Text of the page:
Thursday, August 29, 2013

Yeringberg 1863 - 2013

Yeringberg 1863 - 2013 from ALF on Vimeo.

This is a short preview of a film photographer Adrian Lander and I are making about Yeringberg, an historic winery and vineyard in the Yarra Valley, celebrating its 150th anniversary in 2013: the clip starts with a painting of vintage at Yeringberg in 1875.
Third generation vigneron Guill de Pury tells the story of how his grandfather established one of the Yarra's grand 19th century wine estates; of how the young Guill grew up surrounded by history and memories after the original vineyard had been pulled out; and why in the late 1960s he re planted vines on the site his grandfather had chosen, and started making wine at Yeringberg again.
Original music by Dave Newington.
- This preview was put together to accompany a feature story on Yeringberg in the Aug/Sep issue of Gourmet Traveller WINE Magazine.

Wednesday, February 20, 2013

Australian Terroir - Belonging to Country

Samuel de Pury's vineyard, Yarra Valley, drawn c. 1898 by William Barak
© MEN (Musée d'ethnographie, Neuchâtel) Reproduced with permission

(In 2013 I hosted an event at the Melbourne Food and Wine Festival called Terroir = Belonging to Country, where guest speakers discussed Aboriginal notions of belonging and European concepts of terroir in an attempt to gain a deeper understanding of who and where we are. What follows was some background reading.)


In 2003, Clare Valley winemaker Jeffrey Grosset delivered the inaugural New South Wales Wine Press Club lecture in Sydney. His topic was terroir - that evocative French word describing how the country, climate and culture of a vineyard site produces wine that tastes unique. And what Grosset said that day was revolutionary.

‘Terroir is the French word for what some have known in Australia for thousands of years as pangkarra,’ he said. ‘Pangkarra is an Aboriginal word used by the Kaurna people of the Adelaide Plains. It is a word that, like terroir, represents a concept that has no English translation but encompasses the characteristics of a specific place – the climate, sunshine, rain, geology and the soil–water relations. About the closest we can get in English is to refer to the site, but even that doesn’t really cover the major components of terroir - or pangkarra - being the soil and the local topography. In essence, a wine has a certain taste not just because of the variety and vineyard management but because of its place. People who say, “this is my place, I belong here” are more likely to grasp the concept than people who say, “this is my place, this belongs to me”.’

Sitting in the audience, I was blown away by this imaginative leap of thought. Australian grape growers and winemakers have often used Aboriginal words to name their vineyards, wineries, regions and brands, and the use of Aboriginal imagery - from ‘dot paintings’ to Yellow Tail marsupials - is also widespread on wine labels. But here Grosset was travelling beyond the words and the images to engage with an ancient Aboriginal worldview, and by doing so was suggesting a new, profound and unique way of thinking about terroir in Australia.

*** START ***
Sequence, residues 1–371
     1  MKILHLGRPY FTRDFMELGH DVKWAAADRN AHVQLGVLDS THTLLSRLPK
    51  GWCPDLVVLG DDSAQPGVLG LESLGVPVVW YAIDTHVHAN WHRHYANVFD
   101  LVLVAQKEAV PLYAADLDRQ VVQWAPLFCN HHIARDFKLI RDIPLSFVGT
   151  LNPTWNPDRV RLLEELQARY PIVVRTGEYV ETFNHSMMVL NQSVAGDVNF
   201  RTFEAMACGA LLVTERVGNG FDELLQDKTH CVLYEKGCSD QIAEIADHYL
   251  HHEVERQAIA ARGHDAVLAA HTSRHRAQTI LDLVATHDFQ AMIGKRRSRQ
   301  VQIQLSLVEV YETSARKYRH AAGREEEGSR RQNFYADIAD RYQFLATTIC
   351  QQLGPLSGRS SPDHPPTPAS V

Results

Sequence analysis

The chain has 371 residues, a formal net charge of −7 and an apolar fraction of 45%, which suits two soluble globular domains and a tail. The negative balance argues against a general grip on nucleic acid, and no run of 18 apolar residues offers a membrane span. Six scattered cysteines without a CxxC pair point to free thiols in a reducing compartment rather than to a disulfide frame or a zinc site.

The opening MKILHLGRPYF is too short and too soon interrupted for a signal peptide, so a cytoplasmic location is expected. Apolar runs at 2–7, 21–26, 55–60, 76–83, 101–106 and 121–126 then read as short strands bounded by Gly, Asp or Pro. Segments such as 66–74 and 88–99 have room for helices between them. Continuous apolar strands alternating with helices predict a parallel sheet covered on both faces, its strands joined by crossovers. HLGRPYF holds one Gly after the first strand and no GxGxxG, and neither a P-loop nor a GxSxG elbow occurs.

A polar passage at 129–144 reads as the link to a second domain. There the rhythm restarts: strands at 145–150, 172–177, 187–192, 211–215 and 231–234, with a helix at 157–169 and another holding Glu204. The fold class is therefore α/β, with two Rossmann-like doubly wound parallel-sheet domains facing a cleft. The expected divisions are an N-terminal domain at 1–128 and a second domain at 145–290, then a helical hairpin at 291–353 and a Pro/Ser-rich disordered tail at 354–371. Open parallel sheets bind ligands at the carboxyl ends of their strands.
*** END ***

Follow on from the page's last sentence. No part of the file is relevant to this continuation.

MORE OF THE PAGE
Aunty Carolyn Briggs understands precisely what Jeffrey Grosset is talking about.

Aunty Carolyn is an elder of the Boon Wurrung people. For thousands of years, since long before white settlers arrived in Victoria in the early 1800s, the Boon Wurrung have been the traditional owners of the country that stretches from Werribee River, just to the west of present-day Melbourne, round the eastern side of Port Phillip Bay, down into the Mornington Peninsula and south to Wilson’s Promontory.

I have come to talk with Aunty Carolyn because the Melbourne suburb I live in is Boon Wurrung country, and I want to find out if there is a word in Boon Wurrung language that might be similar to the Kaurna word, pangkarra.

This to me was the most exciting implication of Grosset’s original lecture: that there must be or must have been dozens of different Aboriginal words that might capture or hint at the meaning or spirit of terroir, because Australia’s vineyards are planted in regions identified with dozens of discrete Aboriginal language groups. In some cases, the old language group areas are remarkably similar to the boundaries of modern-day Geographical Indications: the Yarra Valley wine region GI, for example, is almost the same shape on a map as the country of the Wurundjeri people.

It seems to me that if vineyard owners and winemakers in each region made an effort to find out whether there is or was a local word that comes close to terroir - and then asked the original speakers of that language for permission to use it - it could not only help to foster reconciliation and create a greater joint pride in country, but also help people tell their unique wine stories.

‘Yes!’ says Aunty Carolyn. ‘You’re talking about the diversity of each of Australia’s lands. They are not all the same. And the wines they produce aren’t all the same. They don’t all produce bloody Yellow Tail.’